Use of a Life Estate Should be Rare – Part 4

November 7, 2004

The Medicaid ramifications must also be considered when using a Life Estate. If the life tenant is not on Medicaid, then in the case we have been discussing in previous newsfaxes, 50 percent of the sales proceeds will be returned to the life tenant in an unprotected manner, necessitating a transfer (subject to look backs and penalties) all over again. Now that the client is older and perhaps less healthy, we are jeopardizing the assets, albeit half, all over again.

If the life tenant is on Medicaid, then Medicaid will have placed a lien on the life tenant’s portion of the property which then must be satisfied at the closing. Here, we would simply lose 50% of the property.

In either case, if the property had been transferred originally to an irrevocable grantor trust, then the sales proceeds wold have been payable to the trust, not returned to the senior. The trustee can then, if appropriate, purchase another home or otherwise invest the sales proceeds, without any further concern for the Medicaid system.

The bottom line is that a life estate poses tax and Medicaid problems during a sale of the property during the life of the life tenant. An irrevocable grantor trust will also keep the senior in control, protect their homes from long term care, avoid probate and preserve all tax benefits, but allows the senior (or her trustee) to sell the house at any time during their life without tax and Medicaid issues. The use of a life estate ties the hands of a senior because of the practical inability to sell the house during life.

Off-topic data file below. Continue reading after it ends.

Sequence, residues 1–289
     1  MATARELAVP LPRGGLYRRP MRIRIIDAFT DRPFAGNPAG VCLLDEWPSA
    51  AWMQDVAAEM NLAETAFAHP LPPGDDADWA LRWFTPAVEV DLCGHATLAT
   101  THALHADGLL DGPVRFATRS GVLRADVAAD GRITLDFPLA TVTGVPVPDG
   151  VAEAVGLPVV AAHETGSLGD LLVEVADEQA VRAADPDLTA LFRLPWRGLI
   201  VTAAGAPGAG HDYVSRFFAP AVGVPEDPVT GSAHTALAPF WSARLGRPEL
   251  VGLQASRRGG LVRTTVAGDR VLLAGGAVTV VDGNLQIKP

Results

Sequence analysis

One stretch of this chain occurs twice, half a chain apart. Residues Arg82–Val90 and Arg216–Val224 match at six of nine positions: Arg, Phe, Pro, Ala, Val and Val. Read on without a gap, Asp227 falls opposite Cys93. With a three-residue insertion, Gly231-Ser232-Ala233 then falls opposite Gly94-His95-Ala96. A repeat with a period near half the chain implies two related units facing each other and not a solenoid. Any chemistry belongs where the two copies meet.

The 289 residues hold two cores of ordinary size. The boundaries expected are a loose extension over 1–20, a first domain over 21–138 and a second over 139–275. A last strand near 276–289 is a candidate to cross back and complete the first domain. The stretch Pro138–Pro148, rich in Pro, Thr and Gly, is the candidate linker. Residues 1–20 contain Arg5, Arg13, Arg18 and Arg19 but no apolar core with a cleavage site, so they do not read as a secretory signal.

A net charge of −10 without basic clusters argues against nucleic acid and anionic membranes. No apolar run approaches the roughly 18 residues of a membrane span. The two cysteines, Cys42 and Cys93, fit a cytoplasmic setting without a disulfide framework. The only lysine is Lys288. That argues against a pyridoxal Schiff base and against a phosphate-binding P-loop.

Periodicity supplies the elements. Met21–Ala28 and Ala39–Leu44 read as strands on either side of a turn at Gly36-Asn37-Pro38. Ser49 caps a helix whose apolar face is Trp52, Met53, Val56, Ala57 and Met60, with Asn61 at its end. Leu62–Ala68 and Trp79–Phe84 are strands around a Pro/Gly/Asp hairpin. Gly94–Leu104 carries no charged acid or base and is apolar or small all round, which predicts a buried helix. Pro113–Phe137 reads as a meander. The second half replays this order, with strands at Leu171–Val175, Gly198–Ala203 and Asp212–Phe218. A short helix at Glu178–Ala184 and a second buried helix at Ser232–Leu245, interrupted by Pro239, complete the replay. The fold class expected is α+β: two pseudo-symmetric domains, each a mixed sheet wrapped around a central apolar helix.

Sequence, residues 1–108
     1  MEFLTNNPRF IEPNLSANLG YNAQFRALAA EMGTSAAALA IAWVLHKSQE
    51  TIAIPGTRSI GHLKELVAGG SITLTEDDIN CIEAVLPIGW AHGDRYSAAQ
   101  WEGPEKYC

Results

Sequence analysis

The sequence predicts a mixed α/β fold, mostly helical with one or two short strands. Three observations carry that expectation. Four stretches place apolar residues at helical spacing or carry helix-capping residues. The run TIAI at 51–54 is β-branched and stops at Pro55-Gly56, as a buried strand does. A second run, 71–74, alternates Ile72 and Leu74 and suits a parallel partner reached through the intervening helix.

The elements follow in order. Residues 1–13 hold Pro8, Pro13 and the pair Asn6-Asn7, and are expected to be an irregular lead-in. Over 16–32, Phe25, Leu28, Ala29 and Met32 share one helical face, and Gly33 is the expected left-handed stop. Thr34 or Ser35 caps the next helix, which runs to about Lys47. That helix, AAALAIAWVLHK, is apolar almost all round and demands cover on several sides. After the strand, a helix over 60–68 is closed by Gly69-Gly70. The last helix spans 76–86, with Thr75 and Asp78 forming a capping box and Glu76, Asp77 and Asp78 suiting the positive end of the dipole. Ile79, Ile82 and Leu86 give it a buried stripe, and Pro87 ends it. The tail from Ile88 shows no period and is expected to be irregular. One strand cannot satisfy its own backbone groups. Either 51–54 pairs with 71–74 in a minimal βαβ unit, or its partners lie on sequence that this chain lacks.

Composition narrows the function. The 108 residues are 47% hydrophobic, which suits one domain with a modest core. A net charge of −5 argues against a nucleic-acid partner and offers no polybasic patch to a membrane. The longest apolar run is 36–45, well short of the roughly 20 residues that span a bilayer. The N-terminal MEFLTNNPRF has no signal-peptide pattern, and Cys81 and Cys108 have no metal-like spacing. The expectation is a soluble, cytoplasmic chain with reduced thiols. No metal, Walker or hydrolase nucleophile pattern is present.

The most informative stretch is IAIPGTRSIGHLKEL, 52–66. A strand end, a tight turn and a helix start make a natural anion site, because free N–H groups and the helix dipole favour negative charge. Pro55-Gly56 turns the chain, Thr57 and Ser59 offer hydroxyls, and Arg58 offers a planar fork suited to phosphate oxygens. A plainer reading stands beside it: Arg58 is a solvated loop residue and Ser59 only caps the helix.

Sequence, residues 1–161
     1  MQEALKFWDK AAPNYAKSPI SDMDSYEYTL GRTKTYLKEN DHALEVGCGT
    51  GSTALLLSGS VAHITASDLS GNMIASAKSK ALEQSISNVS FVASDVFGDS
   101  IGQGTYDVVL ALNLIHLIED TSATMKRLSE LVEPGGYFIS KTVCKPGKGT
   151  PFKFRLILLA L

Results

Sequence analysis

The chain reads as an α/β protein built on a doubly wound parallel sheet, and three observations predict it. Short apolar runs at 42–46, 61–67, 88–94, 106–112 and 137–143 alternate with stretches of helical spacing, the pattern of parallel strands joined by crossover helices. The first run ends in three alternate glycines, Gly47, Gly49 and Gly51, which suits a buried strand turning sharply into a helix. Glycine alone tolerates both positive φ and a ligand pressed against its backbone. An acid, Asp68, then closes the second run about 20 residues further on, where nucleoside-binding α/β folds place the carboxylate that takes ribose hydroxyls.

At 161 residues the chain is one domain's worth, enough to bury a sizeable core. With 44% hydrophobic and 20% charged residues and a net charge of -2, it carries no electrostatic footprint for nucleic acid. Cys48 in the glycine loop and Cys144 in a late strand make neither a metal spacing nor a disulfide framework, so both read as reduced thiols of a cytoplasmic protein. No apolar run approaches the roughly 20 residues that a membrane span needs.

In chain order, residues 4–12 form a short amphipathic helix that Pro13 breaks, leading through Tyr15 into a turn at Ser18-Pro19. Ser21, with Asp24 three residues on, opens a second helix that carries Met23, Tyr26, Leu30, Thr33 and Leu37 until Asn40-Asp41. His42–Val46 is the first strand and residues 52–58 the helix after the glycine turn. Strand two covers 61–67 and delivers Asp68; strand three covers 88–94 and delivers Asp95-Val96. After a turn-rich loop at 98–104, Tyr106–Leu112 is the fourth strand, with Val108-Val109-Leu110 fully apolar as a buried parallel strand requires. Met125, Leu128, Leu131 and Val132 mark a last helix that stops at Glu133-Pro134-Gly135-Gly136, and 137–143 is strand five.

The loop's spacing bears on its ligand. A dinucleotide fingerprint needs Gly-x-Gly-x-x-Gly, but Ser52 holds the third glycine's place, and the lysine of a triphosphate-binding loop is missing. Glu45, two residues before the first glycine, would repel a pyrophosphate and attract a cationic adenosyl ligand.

When a lawyer approaches a client about this issue, the first question that should be asked is whether they are prepared to give up the right to sell their house during life. In those rare cases where the client is willing to give up all desires adn rights to sell the house during life, the life estat is the appropriate tool to use.